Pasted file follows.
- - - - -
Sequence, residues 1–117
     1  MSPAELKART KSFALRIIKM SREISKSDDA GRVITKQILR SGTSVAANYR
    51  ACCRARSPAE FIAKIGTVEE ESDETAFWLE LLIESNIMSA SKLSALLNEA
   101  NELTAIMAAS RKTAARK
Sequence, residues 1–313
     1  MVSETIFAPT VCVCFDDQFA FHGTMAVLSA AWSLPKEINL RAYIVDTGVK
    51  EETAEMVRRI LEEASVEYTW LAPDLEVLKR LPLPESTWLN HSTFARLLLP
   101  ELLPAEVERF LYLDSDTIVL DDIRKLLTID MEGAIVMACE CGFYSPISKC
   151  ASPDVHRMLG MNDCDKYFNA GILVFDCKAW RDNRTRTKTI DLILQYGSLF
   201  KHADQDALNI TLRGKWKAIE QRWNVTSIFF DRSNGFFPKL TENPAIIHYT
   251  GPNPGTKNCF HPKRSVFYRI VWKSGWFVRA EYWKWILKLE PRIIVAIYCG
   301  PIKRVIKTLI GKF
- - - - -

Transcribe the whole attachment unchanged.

Sequence, residues 1–117
     1  MSPAELKART KSFALRIIKM SREISKSDDA GRVITKQILR SGTSVAANYR
    51  ACCRARSPAE FIAKIGTVEE ESDETAFWLE LLIESNIMSA SKLSALLNEA
   101  NELTAIMAAS RKTAARK
Sequence, residues 1–313
     1  MVSETIFAPT VCVCFDDQFA FHGTMAVLSA AWSLPKEINL RAYIVDTGVK
    51  EETAEMVRRI LEEASVEYTW LAPDLEVLKR LPLPESTWLN HSTFARLLLP
   101  ELLPAEVERF LYLDSDTIVL DDIRKLLTID MEGAIVMACE CGFYSPISKC
   151  ASPDVHRMLG MNDCDKYFNA GILVFDCKAW RDNRTRTKTI DLILQYGSLF
   201  KHADQDALNI TLRGKWKAIE QRWNVTSIFF DRSNGFFPKL TENPAIIHYT
   251  GPNPGTKNCF HPKRSVFYRI VWKSGWFVRA EYWKWILKLE PRIIVAIYCG
   301  PIKRVIKTLI GKF